Airline Subpoenas Google User Info
American Airlines (AA) has subpoenaed Google to turn over identifying information on a Google Video user who uploaded a copyrighted training video to the site, reports Mercury News. As it is a matter of copyright infringement, Google may not be able to be as defiant as it was with the US Justice Department (DOJ).
The AA’s subpoena demands all documents concerning the individual who posted a video called “Flight Attendant, Upside Down” on Google Video, using the Digital Millennium Copyright Act as its support.
Google told Mercury News it would comply “with valid and appropriate legal process, including subpoenas.” That’s not to say Google is bending over to comply. Google compliance manager
Cathy McGoff said the company would forward the request to the poster of the video to give him/her a chance to file an objection. As that is done, Google is also requesting that AA file its own request in federal court. American Airlines has also subpoenaed YouTube.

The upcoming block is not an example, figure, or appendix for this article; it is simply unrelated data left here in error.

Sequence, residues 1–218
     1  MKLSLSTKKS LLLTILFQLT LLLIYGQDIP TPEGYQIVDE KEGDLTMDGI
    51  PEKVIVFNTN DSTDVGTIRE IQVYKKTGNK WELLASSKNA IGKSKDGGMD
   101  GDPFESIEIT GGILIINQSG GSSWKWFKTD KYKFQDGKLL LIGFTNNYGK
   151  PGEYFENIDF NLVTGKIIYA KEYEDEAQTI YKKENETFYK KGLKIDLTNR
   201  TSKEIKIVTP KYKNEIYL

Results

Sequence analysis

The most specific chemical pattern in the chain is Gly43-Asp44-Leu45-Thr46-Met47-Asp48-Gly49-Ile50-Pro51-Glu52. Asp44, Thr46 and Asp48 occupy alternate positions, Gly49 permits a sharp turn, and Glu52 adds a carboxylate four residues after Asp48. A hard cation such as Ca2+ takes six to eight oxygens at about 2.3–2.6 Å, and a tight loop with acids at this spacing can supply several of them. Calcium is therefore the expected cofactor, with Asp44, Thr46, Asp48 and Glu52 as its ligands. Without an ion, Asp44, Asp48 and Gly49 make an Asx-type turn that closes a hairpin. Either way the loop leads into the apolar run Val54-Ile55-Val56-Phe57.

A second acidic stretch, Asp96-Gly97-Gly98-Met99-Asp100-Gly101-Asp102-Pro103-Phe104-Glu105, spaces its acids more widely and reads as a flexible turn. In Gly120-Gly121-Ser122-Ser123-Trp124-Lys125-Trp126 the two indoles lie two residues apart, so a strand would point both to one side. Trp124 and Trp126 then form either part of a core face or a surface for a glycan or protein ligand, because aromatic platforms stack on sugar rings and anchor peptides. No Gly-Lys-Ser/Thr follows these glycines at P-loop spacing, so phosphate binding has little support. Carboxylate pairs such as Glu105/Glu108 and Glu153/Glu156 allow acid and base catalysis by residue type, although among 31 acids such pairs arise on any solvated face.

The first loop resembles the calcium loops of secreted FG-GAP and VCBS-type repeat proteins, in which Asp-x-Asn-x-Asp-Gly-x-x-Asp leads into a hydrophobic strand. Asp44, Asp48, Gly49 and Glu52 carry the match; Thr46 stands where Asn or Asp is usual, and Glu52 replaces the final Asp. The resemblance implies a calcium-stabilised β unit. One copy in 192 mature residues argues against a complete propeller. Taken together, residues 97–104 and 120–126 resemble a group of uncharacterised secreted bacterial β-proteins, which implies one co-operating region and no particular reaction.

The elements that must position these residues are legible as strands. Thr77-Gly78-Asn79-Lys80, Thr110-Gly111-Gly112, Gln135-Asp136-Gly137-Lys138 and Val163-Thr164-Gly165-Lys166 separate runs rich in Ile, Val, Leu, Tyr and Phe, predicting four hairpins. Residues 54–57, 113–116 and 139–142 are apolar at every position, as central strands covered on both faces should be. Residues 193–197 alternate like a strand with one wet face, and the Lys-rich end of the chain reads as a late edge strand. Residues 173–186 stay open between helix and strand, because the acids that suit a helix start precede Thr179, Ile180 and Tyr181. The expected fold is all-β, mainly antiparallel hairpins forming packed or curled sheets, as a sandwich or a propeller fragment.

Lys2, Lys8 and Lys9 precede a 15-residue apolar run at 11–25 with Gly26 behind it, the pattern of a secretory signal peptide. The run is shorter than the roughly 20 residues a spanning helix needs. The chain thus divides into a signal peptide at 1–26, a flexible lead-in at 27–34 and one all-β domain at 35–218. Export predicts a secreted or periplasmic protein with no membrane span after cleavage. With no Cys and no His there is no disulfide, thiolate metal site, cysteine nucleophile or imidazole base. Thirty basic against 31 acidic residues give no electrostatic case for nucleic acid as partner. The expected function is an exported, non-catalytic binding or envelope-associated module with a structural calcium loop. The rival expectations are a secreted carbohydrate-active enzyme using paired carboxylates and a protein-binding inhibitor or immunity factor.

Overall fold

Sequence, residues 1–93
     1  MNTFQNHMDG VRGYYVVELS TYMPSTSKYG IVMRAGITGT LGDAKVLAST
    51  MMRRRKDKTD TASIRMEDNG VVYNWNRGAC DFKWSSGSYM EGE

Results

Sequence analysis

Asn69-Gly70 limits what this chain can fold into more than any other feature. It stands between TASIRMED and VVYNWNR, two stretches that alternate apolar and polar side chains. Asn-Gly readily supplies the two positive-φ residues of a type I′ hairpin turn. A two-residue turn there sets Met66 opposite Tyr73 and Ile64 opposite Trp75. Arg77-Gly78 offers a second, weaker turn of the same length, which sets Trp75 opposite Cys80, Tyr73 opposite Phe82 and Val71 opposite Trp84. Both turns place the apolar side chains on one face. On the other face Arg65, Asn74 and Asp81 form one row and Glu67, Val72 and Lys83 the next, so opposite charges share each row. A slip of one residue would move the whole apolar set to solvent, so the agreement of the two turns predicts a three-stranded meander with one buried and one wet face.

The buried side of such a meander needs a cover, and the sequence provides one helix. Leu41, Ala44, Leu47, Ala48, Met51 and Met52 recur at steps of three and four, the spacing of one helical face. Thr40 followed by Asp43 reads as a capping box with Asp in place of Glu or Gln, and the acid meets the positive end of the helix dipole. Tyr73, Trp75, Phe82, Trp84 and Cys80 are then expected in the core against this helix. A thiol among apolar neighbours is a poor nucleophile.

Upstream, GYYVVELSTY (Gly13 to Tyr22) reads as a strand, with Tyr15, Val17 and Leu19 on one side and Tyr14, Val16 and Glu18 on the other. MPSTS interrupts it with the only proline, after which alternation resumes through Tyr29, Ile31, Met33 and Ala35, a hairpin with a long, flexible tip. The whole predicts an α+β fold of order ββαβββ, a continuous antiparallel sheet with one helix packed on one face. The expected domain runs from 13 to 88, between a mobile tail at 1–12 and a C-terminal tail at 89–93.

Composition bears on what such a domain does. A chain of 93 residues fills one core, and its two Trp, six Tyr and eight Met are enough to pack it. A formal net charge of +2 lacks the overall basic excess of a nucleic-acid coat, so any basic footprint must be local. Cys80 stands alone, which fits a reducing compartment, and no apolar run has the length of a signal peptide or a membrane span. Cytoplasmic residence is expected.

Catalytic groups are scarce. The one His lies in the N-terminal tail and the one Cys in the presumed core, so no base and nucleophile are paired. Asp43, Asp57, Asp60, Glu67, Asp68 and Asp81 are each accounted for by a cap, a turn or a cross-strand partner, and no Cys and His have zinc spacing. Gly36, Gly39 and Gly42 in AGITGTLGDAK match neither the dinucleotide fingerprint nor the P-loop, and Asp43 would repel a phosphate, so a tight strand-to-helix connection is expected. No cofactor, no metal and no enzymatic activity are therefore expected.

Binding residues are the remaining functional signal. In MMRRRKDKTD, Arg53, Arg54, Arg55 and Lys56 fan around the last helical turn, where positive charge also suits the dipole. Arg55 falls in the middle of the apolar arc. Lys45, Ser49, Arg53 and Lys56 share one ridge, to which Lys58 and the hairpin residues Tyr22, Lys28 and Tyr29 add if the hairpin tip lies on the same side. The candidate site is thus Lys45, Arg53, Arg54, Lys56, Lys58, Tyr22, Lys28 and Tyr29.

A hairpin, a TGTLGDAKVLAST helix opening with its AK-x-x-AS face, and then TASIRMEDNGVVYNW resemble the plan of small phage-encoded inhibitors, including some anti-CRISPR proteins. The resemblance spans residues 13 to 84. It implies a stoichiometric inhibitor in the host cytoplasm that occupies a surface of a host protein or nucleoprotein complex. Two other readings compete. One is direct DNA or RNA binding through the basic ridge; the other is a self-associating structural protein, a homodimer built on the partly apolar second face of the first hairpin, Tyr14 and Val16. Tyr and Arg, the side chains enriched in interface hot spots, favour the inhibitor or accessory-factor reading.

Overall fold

The latest legal challenge to Google further heats up the debate as to whether websites truly have the ability to keep personally identifiable data private. As discussions of the DOJ’s request have indicated, if Google were to provide IP addresses and nothing else, the DOJ could subpoena Internet service providers to reveal identities.
As for major Internet companies’ role in protecting privacy, the Electronic Frontier Foundation’s Cindy Cohn is skeptical.
`Hosts like Google won’t be able to protect your anonymity, and in many instances won’t be interested in it,” Cohn said.